Darren Ng: I thought that the Bird Guide would be something a person would take around to make their own observations or tools. I feel like it is something an interested person (beginner) would take to the field to do their own experimenting on. On the other hand the Non-runner's Marathon Guide, was set up so that you read it once and the information would be somewhat imprinted in your memory because of how personal the text is. The table of what you should do in order to accomplish a marathon was the main connection between the reader and the guide. The Core Tools Guide's domain was for a more experienced tool maker. The language was obviously different and the author tried to communicate to the reader in a different manner as opposed to the Bird and Non-marathon runner's manual. Ultimately, this shows the relationship between the texts' intended function and information it has to communicate. At a more professional level, vocabulary is almost always different as texts start to use more specific vocabulary related to the field in order to attract the attention of the intended audience.

Lena Hong
Out of all the other Field guides that were presented, I believe that “From, Tools of the Old and New stone Age” III The Core Tools: Choppers and Bifaces by: Jacques Bordaz displayed the better field guide. There are a couple of things I noticed in this field guide that had caught my eye when it came to looking at the different kinds of rhetorical, domain, and content:

- The way it was laid out was neat and in perfect order.
- Images are clear
- The images that are provided show both old and new stone ages.
- He was able to explain himself through only 12 pages.

- Very clear and easy to read
- Specific with the content
- Chosen images made the content very easy to understand.
- Liked that the publisher gave different examples and both sides of the item, so the the readers had a better understanding.

Andrew Williamson: I found that the bird guide was generally accessible, meant for an up and coming bird watcher that is looking for a basics to intermediate level. The Pictures it uses are not meant to aid but are more for decoration. I found that it was really meant for reading at home, and looking at before you go bird watching. Domain-ease, it is good at explaining what should be done when going bird-watching.

I thought that the Non-Marathon runner's was not much of a field guide. It generally accessible, had a graph and is meant to be read at home while training. It is explains concepts very well, but doesn't seem like something that one would use to refer to and would be, like Darren said, a one time read.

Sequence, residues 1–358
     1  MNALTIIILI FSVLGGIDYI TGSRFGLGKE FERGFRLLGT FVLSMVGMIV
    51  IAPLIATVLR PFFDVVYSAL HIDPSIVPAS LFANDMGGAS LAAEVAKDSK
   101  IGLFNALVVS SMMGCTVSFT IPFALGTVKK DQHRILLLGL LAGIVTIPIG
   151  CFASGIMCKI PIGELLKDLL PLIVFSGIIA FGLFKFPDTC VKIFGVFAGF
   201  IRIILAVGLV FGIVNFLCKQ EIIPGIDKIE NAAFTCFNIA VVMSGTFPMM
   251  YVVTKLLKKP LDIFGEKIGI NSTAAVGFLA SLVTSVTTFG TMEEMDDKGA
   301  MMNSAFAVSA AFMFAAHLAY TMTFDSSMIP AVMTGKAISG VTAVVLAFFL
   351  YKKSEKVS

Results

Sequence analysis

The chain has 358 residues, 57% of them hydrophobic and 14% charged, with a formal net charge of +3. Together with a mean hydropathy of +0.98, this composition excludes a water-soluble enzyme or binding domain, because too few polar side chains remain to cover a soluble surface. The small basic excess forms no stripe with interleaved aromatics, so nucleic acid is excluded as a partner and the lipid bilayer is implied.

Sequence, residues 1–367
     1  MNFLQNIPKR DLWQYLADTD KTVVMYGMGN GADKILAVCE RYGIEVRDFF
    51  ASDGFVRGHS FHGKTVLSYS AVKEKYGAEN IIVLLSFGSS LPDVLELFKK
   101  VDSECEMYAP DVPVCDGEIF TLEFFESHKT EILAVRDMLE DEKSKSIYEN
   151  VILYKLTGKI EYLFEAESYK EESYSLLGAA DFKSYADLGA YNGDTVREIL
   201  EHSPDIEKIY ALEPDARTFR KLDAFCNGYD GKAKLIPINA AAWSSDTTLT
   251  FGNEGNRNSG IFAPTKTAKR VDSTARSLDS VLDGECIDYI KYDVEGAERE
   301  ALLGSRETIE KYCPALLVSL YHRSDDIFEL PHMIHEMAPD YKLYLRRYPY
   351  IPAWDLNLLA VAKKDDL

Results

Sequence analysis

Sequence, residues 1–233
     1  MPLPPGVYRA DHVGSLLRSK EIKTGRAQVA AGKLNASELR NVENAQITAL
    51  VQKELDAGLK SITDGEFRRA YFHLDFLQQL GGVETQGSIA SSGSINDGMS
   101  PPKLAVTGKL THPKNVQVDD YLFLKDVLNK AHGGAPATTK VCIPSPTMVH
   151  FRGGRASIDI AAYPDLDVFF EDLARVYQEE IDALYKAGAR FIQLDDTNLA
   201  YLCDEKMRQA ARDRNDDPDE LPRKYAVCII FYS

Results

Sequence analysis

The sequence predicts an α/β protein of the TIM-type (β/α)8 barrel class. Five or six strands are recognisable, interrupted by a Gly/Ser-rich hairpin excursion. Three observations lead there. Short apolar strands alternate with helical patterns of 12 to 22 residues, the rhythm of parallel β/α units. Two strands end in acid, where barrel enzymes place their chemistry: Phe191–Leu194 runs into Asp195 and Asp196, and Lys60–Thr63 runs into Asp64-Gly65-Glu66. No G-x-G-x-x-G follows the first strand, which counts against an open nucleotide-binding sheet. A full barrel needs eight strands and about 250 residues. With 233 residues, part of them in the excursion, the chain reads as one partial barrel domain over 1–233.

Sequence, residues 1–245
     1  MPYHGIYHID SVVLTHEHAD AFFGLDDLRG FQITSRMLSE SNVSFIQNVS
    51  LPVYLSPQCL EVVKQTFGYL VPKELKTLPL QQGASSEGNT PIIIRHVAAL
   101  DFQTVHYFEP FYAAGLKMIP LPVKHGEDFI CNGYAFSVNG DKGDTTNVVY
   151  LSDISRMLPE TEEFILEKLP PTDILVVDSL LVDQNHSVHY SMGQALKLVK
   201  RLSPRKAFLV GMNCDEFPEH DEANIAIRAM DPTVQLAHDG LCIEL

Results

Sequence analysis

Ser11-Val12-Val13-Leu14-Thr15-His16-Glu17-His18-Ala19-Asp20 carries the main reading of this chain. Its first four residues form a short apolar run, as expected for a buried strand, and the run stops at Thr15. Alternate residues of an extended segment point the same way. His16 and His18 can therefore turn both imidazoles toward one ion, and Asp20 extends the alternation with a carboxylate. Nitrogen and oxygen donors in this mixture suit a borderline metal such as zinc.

Janette Wambere

I have not found myself in situations where I need to analyze text very often in my field of study. Therefore this assignment was a bit different for me. The authors of all the field guides use language as a tool to bring out different meaning or to set up different situations in relation to what they are writing about.

The field guide on The Basics from Jaques Pepin’s complete techniques stood out for me in a rather odd way. Mostly because of the content since while all the other field guides basically have information which is generally considered necessary, like for example you would need to read the first field guide to get an idea of bird watching, you cannot just go outside and start. In the case of The Basics, everything is exactly that, basic. From holding a knife to using one, these are things that even a ten year old can do. So maybe a rhetoric question would be why write about what is basic? Maybe these ‘basics’ are not so basic?

Despite the fact that very few people think that they need to learn how exactly to hold a knife and how to use it, this field guide explains in a step by step process all that one needs to know. The words used by the author are mostly easy to understand, so even if the audience was intended for professional chefs, it could still be used by the stay at home mom.

Everything is explained clearly in a step by step process. So that you can just pick it up in the kitchen and do it. You don’t have to sit down to read and understand anything.

The text is accompanied by images which make it even clearer for the reader to understand what it is they are supposed to do.
I am inclined to think that the intended audience is a professional chef or someone in that line. Knowing how to hold a knife is not really something any ordinary person would want to read about. Nonetheless this field guide is useful to anyone who is interested in gaining the information it offers.

Lena Hong Responds to Janette Wambere:

I agree with Wambere when she says that Jacques Pepin, “explained clearly in a step by step process. So that you can just pick it up in the kitchen and do it. You don’t have to sit down to read and understand anything.” This is a characteristic that I would like to see in a good field guide. I am a person with no patience or time, so for me to be able to read it step by step without having to read the whole field guide is pretty amazing. It is like reading a book and being able to read the first chapter of the book and the last chapter; then be able to know the whole story.